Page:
Firstly if you are sure you have 'stem rot' then obtain a systemic fungicide and spray any remaining healthy leaves and drench the surrounding soil with the solution. Even if you find that all stems are cut to the ground, drench the soil and add nutrients and the plant should in time recover. As they say prevention is better than cure and next season spray  this plant with fungicide fortnightly and hopefully it might stop the problem occurring although this cannot be guaranteed. Many nurseries can quote no cases of wilt on the nursery using this method although it should be remembered they are growing plants which are not in the soil and open to the elements normally found in a garden.
There has been numerous theories on how this problem is caused and ways of ensuring recovery but there is still no definitive answer to the problem.
One suggestion is to only water the clematis near the base and not over the leaves as this aids the pathogens entry into the stem,
Another too general suggestion is to plant the clematis with at least one node beneath the surface as this ensures the plant can recover if wilt does occur. It should be noted that this last advice only applies to those cultivars that suffer from this problem (mostly the Early flowering large hybrids) and not to all clematis which should definitely not be planted in this manner (despite what some well known television presenters may tell you). There is one well known person in clematis circles that advises this method actually adds to the possibility of the plant getting wilt in the first place.
Any stems you remove should be burnt and definitely not put on the compost heap as it is believed the pathogen can live for long periods in the soil or any surrounding dead vegetation.
This subject has caused a tremendous amount of discussion over the years but until someone finds an absolute definitive cure for it then we just have to do the best we can (or just plant clematis that don't suffer from it- of which there are many).
 
Steve
 
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  Quote Mariko Quote  Post ReplyReply Direct Link To This Post Posted: 23 Sep 2007 at 3:13am
Steve, Thank you for much advice. It is almost the same as my method. There are many difficulties in cultivating clematis in Japan.
After the rainy season of Japan, The same state as the clematis of digger is seen.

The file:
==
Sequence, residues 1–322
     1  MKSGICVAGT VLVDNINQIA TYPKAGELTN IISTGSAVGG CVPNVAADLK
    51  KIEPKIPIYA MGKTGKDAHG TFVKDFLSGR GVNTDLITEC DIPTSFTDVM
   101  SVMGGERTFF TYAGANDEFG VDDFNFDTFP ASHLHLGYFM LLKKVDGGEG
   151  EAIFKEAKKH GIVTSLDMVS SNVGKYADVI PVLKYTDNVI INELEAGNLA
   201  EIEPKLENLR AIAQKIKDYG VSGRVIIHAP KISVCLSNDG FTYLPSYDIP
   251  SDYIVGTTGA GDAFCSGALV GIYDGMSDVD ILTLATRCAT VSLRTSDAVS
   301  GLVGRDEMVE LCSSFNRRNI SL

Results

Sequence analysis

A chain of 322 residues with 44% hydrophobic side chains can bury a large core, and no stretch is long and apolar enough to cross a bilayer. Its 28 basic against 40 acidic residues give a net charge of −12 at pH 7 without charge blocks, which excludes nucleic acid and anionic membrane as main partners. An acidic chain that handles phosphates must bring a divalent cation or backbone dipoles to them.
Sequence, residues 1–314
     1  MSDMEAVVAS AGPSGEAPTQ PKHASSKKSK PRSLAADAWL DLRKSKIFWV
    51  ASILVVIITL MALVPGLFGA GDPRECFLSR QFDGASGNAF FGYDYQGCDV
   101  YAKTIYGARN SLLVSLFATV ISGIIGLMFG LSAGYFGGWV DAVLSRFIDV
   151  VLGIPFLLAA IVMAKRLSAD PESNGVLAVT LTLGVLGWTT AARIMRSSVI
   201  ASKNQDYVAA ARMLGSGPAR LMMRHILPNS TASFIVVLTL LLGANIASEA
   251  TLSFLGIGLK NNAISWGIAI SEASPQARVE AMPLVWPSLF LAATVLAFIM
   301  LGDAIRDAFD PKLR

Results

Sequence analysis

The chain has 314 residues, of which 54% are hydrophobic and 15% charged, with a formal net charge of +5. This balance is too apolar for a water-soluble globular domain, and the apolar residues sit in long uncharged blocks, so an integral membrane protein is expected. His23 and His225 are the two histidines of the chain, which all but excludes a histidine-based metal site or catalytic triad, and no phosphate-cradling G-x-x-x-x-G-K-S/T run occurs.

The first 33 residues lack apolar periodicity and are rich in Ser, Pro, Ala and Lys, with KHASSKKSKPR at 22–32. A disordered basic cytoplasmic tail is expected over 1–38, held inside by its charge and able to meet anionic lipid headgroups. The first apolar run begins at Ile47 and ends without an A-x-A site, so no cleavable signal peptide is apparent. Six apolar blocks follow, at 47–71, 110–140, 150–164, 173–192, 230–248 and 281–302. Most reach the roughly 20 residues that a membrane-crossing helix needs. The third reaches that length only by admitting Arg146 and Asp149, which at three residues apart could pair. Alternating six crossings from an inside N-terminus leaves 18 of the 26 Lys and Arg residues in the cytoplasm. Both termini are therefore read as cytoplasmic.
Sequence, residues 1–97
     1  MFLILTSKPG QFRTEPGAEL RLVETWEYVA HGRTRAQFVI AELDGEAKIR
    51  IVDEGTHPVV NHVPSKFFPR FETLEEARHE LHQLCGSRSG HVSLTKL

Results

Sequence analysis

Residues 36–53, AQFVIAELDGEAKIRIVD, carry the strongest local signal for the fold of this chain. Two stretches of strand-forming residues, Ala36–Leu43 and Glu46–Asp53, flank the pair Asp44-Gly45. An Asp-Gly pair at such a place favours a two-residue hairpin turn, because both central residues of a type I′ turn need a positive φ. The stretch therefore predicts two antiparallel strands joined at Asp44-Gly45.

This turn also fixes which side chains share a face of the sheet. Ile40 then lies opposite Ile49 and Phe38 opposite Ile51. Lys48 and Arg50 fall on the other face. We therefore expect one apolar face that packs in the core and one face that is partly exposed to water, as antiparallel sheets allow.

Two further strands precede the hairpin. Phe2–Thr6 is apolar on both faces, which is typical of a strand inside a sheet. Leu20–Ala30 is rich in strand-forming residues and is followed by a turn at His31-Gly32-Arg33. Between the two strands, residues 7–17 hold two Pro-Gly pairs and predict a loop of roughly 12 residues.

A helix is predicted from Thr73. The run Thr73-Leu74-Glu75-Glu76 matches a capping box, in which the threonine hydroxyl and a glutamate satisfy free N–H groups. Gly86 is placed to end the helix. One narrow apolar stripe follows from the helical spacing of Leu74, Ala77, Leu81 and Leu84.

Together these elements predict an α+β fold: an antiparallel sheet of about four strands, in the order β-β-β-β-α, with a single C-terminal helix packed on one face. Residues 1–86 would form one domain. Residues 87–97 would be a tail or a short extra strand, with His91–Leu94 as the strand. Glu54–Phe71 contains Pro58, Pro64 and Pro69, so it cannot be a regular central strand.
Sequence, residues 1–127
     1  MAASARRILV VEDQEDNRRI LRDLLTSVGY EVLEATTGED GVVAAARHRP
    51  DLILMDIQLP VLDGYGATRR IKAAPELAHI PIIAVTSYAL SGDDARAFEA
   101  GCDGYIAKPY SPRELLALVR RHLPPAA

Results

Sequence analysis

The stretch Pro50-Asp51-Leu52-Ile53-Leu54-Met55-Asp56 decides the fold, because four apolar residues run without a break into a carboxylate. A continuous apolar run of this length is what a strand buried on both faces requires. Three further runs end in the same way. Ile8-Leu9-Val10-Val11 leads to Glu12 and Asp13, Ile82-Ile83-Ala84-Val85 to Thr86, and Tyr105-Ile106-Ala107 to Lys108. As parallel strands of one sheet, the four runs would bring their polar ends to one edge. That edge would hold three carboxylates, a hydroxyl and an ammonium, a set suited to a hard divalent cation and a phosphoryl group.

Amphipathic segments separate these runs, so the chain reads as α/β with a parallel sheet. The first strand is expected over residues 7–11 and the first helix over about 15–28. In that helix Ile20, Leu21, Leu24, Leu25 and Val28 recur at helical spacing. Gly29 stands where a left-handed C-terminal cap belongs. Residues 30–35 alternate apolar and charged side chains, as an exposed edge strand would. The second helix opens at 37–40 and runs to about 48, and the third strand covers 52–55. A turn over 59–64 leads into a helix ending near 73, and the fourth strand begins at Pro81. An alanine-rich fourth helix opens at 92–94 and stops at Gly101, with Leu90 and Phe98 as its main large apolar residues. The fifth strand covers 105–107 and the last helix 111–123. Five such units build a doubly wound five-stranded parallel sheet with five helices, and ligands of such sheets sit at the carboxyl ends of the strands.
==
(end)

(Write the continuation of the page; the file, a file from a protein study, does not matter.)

The cool of U.K is very enviable.

Mariko Japan
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  Quote digger Quote  Post ReplyReply Direct Link To This Post Posted: 23 Sep 2007 at 10:56am
Thank you so much for taking the time to give me so much useful advice, I have cut off the affected stems which is all of them. They did go completely brown leaves and all. I bought Vyvyan Pennel because it has such a beautiful flower. Perhaps I should excavate the roots and pot them up into the greenhouse? I shall spray the plant with cheshunt compound and keep my fingers crossed. Once again many many thanks for your time and advice. regards digger.
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  Quote digger Quote  Post ReplyReply Direct Link To This Post Posted: 26 Sep 2007 at 6:40pm
Hi Mariko, I am not sure that the UK climate is really something to be enviable aboutSmile I have had some quite bad luck this year, I have lost Arctic Queen as well as Vyvyan Pennel, is your japanese climate greatly different from the UK my friend?
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  Quote Guests Quote  Post ReplyReply Direct Link To This Post Posted: 27 Sep 2007 at 2:52pm
I now avoid most group 2 clematis, as the problem you describe has become a great problem in our garden. It seems to me that once the form of die back occurs in ones garden it is impossible to stop it happening. None of the domestic fungicides are able to control this either. For peace of mind, dig up the plant, compost it and plant a group 3 clematis in its place. Problem solved as far as I am concerned.